Analysts do not pay enough attention to the increasing relevance of the outdoor recreation industry for “hard-core” economic growth. The reason may be this: when it comes to such a service (if we pay for it, like hiring a guide) or experience (if we don’t pay for it), measuring the increased value to consumers is immensely more difficult than it is with physical goods.
Economists always seek to attach numerical values to specific improvements, whether it’s faster broadband connection, less air pollution or a better medical treatment, but this is hard to do. As far as engaging in outdoor recreation is concerned, we can only conjecture that if doing them regularly leaves us in better health that would otherwise be the case, this will positively contribute to economic growth. If, instead of being stuck in bed at home or in a hospital with a bad back, we are able travel to the mountains to ski or to trek in a distant location, we’ll generate GDP growth by traveling, hiring skis, paying a ski instructor or a guide, buying a ski pass or a plane ticket and also contributing indirectly to all the underlying investment activities (building a resort, renovating an airport or a road, etc.)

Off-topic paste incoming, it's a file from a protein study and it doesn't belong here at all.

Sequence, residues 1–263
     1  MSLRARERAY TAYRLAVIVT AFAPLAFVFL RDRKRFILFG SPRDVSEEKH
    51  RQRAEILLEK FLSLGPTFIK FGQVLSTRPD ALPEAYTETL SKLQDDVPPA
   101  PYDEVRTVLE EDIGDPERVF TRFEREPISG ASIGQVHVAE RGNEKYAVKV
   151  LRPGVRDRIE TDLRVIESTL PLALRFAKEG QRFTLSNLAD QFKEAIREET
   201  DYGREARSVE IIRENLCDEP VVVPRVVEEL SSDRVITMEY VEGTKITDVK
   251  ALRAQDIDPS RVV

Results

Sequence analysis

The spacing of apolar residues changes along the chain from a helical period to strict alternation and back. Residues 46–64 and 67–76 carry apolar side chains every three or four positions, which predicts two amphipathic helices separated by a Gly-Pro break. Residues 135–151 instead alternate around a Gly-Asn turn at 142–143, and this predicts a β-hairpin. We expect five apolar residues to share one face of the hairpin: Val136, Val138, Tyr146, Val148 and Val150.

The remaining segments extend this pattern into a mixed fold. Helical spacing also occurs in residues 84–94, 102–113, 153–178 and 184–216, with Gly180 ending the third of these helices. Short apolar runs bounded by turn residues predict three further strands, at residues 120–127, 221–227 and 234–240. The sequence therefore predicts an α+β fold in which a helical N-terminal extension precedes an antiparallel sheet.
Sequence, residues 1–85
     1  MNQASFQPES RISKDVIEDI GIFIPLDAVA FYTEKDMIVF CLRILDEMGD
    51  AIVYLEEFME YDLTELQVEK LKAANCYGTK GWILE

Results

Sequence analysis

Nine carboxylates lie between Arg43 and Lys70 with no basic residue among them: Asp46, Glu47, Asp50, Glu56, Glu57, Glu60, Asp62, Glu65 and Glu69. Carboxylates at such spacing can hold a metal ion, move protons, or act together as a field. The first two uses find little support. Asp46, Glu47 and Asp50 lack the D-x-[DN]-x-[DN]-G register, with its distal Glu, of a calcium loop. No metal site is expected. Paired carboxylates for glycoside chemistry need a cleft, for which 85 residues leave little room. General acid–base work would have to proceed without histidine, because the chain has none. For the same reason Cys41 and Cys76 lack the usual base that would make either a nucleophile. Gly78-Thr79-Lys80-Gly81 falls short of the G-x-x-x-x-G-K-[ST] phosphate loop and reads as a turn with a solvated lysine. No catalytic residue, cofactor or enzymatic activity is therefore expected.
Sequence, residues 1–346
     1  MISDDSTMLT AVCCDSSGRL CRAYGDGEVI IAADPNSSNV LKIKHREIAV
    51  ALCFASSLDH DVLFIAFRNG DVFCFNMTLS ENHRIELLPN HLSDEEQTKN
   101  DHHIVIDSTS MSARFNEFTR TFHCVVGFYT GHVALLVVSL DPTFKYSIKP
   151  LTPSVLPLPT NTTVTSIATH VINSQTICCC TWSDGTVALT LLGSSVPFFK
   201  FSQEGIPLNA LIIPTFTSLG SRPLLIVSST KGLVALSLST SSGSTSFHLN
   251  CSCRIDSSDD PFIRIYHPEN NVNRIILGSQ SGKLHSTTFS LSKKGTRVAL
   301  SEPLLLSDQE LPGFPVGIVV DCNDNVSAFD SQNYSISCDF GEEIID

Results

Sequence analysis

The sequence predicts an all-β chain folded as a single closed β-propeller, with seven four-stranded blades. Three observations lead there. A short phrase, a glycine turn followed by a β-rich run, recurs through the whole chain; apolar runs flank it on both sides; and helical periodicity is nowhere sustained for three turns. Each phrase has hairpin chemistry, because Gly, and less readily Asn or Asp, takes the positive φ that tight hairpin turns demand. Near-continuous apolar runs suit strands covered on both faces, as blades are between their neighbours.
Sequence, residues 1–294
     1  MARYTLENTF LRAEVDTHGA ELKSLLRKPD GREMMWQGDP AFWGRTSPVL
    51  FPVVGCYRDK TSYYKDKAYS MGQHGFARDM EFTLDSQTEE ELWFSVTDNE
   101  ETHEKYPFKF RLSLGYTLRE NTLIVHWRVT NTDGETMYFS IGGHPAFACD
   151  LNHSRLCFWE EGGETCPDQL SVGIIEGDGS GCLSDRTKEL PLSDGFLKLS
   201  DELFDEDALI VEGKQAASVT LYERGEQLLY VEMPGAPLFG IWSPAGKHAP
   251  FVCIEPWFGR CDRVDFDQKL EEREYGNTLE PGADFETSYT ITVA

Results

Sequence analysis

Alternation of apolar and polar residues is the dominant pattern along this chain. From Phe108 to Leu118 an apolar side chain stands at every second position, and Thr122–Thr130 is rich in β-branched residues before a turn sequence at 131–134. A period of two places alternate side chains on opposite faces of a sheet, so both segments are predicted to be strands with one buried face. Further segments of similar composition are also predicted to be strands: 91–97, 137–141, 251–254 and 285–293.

In a similar vein, a great walking or surfing spot or a national park can become a focus for investment and then grow to support a broader tourism industry. Outdoor recreational activities may seem like an immaterial form of growth, but a rapidly growing business is currently being built around it, as shown by the booming US outdoor recreation industry, which now amounts to USD 887 billion per year (in 2016: USD 184.5 billion in products and USD 702 in trip and travel spending). This contributes to GDP growth in a “clean” and non-divisive way, without inflicting damage to any human being, the environment or anything else. As such, it is the best personal and societal investment we can make: it costs nothing, is readily available, and improves our productivity (health and cognitive functioning) at zero cost and with no known undesirable side effects.
Author, Thierry Malleret